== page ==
God manifests Himself in history as Creator, but also as the God who intervenes, who engages, who appears to prophets and children and apostles and barren women and virgins; who answers prayer in ways as yet unheard-of. And God predicates concerning Himself in history as the One Whom the prophets and apostles spoke of, to whom they bore witness, to whom we all bear witness. And the manifestation and the predication are united most wholly, of course, in this one Logos, the Christ, who is God and who teaches with the inappellable authority of God Himself about God, yet who does so utterly without separation from the witness of the Father across the gap of transcendence or the witness of the Spirit across the gap into immanence.
It is the job of theological discourse, then, and especially of teaching from the Scriptures, to develop a mode of speaking which reflects this constant twofold nature of teaching. And the most careful and concrete practitioners of predicate logic are the most sure that it is necessary to read and teach divine revelation in a manner more complete than (though not falling short of) propositional discourse.
But it is just here that much allegorism falls short. Because many of us are passively convinced by a culture of “separation of church and state” that, in fact, these two things have to do with two wholly different orders, or even that one expresses only notional realities while the other deals with all concrete realities, we cannot properly read as creatures. We tend, instead, to begin with all of our reasonings about concrete realities, then turn to our reasonings about certain notional constructions of narrative and miracle and theological interpretation, and to return to concrete reasoning only with propositions derived from these spiritual speculations. Such propositions, however, are susceptible of such various interpretation that we dare not insist on any one interpretation of these excessively generalized and often unreliably abstracted reasonings. We are therefore led to reason about spiritual things only in generalities, and tempted to teach only such parts of those generalities as are already the consensus in our concrete interpretive community.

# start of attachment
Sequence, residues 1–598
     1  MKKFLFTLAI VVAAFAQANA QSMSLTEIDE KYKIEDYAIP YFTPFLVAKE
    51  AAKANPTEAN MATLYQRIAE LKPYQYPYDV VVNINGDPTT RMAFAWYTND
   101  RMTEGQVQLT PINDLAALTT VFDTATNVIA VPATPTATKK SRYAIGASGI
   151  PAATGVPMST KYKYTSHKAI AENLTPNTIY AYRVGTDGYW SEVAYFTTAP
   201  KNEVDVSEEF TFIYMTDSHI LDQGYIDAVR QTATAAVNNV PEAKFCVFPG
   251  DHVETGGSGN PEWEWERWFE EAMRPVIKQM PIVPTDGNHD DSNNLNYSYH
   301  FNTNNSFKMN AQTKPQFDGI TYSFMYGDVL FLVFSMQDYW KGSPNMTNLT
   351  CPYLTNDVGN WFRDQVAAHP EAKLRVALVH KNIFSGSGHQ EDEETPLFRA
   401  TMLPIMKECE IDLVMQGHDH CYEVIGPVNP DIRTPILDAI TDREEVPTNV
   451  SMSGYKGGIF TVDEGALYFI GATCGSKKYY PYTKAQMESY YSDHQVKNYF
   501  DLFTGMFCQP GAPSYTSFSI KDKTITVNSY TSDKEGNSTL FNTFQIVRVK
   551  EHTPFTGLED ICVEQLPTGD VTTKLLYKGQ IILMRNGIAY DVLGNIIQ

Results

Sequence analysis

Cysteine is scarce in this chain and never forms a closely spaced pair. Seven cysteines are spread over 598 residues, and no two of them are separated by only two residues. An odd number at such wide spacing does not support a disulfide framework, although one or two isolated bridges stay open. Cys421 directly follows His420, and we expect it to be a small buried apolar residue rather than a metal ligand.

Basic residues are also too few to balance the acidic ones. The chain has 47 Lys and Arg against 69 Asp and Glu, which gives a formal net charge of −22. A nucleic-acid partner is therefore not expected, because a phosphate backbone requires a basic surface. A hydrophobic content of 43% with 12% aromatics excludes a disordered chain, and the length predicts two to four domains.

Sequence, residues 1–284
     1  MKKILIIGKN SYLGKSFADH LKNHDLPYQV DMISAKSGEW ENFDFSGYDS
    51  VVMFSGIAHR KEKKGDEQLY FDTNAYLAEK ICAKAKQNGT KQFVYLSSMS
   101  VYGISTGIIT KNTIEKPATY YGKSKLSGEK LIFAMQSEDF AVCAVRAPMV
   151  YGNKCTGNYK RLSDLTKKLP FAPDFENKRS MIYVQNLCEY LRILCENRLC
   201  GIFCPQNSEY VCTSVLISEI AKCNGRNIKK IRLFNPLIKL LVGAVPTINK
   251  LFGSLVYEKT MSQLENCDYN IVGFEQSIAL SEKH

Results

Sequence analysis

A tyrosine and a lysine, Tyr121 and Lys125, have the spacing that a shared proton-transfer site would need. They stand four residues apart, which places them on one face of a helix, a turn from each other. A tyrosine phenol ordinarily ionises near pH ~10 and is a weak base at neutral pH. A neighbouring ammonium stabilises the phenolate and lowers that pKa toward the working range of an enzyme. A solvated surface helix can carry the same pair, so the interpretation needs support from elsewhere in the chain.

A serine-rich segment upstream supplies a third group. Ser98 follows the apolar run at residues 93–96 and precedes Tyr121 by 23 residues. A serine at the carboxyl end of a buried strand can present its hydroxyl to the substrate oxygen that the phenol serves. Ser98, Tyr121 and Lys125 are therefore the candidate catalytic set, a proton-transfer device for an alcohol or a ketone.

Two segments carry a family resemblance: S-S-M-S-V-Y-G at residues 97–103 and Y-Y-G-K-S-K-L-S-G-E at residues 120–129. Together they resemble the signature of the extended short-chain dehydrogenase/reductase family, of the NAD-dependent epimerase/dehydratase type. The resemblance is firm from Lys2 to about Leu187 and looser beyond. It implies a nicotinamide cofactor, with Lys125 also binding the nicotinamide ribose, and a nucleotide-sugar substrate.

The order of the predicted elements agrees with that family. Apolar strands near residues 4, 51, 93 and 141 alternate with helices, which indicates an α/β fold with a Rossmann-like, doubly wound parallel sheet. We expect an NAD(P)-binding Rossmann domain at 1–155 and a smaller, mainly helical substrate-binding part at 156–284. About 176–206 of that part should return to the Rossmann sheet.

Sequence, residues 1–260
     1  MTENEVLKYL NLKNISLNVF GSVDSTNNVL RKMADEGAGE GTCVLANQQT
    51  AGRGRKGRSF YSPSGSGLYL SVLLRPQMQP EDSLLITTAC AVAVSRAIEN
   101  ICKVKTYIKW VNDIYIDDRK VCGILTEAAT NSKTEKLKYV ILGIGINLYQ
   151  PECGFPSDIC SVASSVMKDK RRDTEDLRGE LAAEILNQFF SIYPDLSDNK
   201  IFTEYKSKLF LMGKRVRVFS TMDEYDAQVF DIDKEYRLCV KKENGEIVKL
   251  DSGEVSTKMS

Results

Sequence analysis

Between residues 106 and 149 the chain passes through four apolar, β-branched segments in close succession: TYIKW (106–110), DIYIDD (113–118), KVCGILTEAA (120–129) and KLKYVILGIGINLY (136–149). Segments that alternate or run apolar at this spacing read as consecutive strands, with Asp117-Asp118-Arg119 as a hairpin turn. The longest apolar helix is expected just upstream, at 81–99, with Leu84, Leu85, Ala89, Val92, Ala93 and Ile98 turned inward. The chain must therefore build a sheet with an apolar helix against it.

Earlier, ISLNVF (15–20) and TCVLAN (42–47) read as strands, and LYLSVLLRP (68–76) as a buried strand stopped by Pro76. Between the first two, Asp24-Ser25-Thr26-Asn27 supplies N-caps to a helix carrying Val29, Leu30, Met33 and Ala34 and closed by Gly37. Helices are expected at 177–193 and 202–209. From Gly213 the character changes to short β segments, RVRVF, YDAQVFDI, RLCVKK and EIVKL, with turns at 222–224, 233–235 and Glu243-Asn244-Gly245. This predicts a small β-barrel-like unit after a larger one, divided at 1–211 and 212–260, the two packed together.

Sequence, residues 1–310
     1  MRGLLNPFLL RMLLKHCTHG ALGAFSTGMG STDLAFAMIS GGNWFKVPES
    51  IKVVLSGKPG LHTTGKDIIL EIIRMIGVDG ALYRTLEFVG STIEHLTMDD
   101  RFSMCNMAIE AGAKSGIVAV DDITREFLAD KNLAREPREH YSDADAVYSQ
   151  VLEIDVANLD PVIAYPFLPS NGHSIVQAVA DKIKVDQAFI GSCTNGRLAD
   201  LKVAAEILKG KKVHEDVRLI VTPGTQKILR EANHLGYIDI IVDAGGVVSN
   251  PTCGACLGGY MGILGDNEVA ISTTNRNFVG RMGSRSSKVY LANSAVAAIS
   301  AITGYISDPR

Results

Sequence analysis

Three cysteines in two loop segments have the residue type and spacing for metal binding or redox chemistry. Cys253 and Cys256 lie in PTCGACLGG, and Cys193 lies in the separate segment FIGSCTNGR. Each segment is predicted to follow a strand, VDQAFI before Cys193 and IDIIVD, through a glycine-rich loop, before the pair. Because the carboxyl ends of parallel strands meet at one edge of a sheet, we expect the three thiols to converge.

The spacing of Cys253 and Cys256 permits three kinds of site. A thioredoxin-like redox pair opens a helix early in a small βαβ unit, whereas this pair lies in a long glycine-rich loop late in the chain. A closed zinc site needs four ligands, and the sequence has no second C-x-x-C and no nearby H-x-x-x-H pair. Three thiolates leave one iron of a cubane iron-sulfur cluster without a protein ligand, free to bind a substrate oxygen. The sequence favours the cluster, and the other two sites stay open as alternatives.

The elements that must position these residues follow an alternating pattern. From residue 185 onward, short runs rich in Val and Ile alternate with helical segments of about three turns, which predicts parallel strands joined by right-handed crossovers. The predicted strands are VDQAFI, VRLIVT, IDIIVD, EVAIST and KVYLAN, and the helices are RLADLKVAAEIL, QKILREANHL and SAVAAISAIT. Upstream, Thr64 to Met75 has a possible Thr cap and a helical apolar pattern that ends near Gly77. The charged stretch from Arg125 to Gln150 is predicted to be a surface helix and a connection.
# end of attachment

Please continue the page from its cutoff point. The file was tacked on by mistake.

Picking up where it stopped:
Robust allegorism operates differently than this. It does not “spiritualize” in the sense of forming abstract principles in preference to concrete or “literal” understandings. Robust allegorism understands that we read history as creatures, and that divine revelation–the faith we have received–is always already expressed in that history. Without the key of faith, we will read history wrong; without the always-already of the Creator’s role in history, we will misconstrue faith into a set of references, or a set of metaphors, whose objective correlative can never be manifested short of the Apocalypse itself.
So when we affirm the Resurrection, let us certainly affirm also that in the ongoing life of the Church, and the daily waking of every believer, we see the Resurrection taking place in our history; but let us also affirm that we understand the ongoing life of the Church, and the daily waking of every believer, only when we understand the fact and promise of the Resurrection in the light of the Incarnation, of Atonement, and of the promise of Christ to make all of His saints “partakers of the divine life” now and forever.
And then our teaching will make sense(s).